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Washington Closes Three Rivers To Chinook Retention Due To Low Hatchery Returns
Posted on Friday, October 06, 2017 (PST)

Worried about filling quotas at hatcheries, Washington closed the Cowlitz, North Fork of the Toutle and Green rivers to retention of fall chinook salmon this week.


The Washington Department of Fish and Wildlife closed the rivers October 3, saying that the closures are to ensure that enough fall chinook return to those rivers to support hatchery production this coming year.


The Cowlitz River flows into the Columbia River near Longview Washington. The North Fork of the Toutle River is a tributary of the Cowlitz River and the Green River is the North Fork’s largest tributary. All are in southwest Washington.


The Cowlitz River will remain open to retention of other sport fish, such as coho, summer steelhead and sea-run cutthroat trout. Anglers will be required to return to the rivers any chinook caught while fishing.


"This was a tough decision for fishery managers, but we can't ignore the lagging chinook returns," said Dan Rawding, acting WDFW regional fish manager. "We have to think about producing fish for next year too."


According to the pre-season forecast, 3,900 hatchery fall chinook were expected to cross Barrier Dam on the Cowlitz River this year, with a goal of collecting 1,900 fish for hatchery broodstock. So far, only 700 chinook have returned to the river, and Rawding said fish managers are now hoping to get 1,400 back to the hatchery.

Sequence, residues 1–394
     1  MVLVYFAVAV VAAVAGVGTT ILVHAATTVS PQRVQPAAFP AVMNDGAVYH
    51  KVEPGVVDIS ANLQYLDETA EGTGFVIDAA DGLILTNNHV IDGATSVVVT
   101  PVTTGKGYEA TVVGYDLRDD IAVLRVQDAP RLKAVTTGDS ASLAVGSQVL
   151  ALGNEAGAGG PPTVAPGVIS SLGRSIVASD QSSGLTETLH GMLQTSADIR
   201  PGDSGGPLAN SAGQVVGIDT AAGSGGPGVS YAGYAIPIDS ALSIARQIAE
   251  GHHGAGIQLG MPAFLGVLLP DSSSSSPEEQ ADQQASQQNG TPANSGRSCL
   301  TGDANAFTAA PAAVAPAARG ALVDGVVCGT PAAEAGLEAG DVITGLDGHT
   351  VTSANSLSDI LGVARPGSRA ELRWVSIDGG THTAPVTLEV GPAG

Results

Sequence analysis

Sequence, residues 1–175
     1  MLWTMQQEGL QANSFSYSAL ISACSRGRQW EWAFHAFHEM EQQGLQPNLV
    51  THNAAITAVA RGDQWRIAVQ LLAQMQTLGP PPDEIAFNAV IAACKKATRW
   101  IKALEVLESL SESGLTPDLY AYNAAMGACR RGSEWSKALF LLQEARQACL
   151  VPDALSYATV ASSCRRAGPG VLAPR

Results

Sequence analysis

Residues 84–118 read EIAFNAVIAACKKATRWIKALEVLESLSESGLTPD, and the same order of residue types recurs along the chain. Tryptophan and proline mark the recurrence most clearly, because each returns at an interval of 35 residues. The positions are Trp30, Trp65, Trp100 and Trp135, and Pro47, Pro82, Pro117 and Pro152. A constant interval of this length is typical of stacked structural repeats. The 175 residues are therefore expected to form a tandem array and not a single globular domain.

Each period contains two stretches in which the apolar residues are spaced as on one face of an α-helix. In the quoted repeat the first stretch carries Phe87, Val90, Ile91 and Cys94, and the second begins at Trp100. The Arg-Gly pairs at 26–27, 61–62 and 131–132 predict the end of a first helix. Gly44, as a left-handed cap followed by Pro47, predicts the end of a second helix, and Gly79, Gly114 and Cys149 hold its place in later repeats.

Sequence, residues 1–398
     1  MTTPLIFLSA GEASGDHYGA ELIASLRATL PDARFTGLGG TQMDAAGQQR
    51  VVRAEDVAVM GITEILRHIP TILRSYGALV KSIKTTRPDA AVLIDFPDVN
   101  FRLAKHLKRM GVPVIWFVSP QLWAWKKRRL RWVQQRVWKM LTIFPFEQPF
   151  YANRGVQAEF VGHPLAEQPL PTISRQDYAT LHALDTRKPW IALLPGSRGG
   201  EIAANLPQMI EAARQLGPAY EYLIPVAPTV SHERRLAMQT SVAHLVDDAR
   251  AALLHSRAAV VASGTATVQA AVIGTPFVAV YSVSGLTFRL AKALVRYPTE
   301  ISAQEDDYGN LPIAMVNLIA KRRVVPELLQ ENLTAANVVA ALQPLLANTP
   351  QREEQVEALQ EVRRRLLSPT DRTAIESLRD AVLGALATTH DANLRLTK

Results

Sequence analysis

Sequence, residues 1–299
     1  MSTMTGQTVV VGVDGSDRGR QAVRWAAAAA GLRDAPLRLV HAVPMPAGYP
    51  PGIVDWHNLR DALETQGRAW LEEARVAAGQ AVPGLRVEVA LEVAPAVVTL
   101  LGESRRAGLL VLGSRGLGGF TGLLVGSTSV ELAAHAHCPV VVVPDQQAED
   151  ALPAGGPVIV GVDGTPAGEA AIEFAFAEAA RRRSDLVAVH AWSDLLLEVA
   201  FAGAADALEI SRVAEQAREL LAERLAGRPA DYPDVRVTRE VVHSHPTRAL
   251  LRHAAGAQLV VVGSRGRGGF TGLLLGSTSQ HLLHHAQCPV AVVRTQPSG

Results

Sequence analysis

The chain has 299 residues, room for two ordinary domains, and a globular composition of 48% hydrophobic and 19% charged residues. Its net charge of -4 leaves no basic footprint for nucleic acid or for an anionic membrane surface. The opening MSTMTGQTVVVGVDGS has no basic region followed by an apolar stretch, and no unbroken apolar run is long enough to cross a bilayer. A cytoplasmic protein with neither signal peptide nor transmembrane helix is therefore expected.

On the Green River, only 400 chinook have been collected this year out of an expected return of 1,000 hatchery fish. The broodstock goal is 800 fish at the hatchery, which produces chinook returning to the Green and North Toutle rivers.


Two other large Columbia River tributaries – the Kalama and the Washougal – will remain open to fishing for chinook salmon. Both rivers are downstream of Bonneville Dam. There, too, chinook returns are lower than expected, but fishery managers still expect to meet hatchery broodstock goals on those rivers, Rawding said.


Rawding said WDFW will continue to monitor salmon returns in area rivers, and will consider reopening rivers to chinook fishing if returns improve in the coming weeks.


Passage of upriver fall chinook at Bonneville Dam is nearly complete with passage as of October 4 standing at 297,149 adults and 35,089 jacks. Last year on the same date, passage was 426,043 adults and 51,722 jacks. The 10-year average is 492,322 adults and 80,285 jacks (


At its meeting last week, the U.S. v Oregon Technical Advisory Committee updated its fall chinook forecast and is now predicting that 487,000 fall chinook will enter the Columbia River mouth, down from the previous week’s forecast of 492,800 fish.


The new forecast is 79 percent of the preseason forecast of 613,800 fish (which was 96 percent of 2016’s actual return of 642,400 fish and 84 percent of the 2007-2016 average return of 727,600 fish).


TAC said that passage of bright stocks is tracking consistent with pre-season expectations and so it maintained the pre-season expectation for these stocks. However, it downgraded the Bonneville Pool Hatchery tule run based on reduced lower river harvest estimates. The current fall chinook forecast of 487,000 fish includes 275,200 upriver brights and 39,700 Bonneville pool hatchery, also heading upriver.


More information about Washington rule changes can be found on WDFW's website at


Also see:


--CBB, September 29, 2017, “Treaty Fishing Gets Another Week; B-Run Steelhead Downgraded To 6,500 Fish, 1,000 Wild,”


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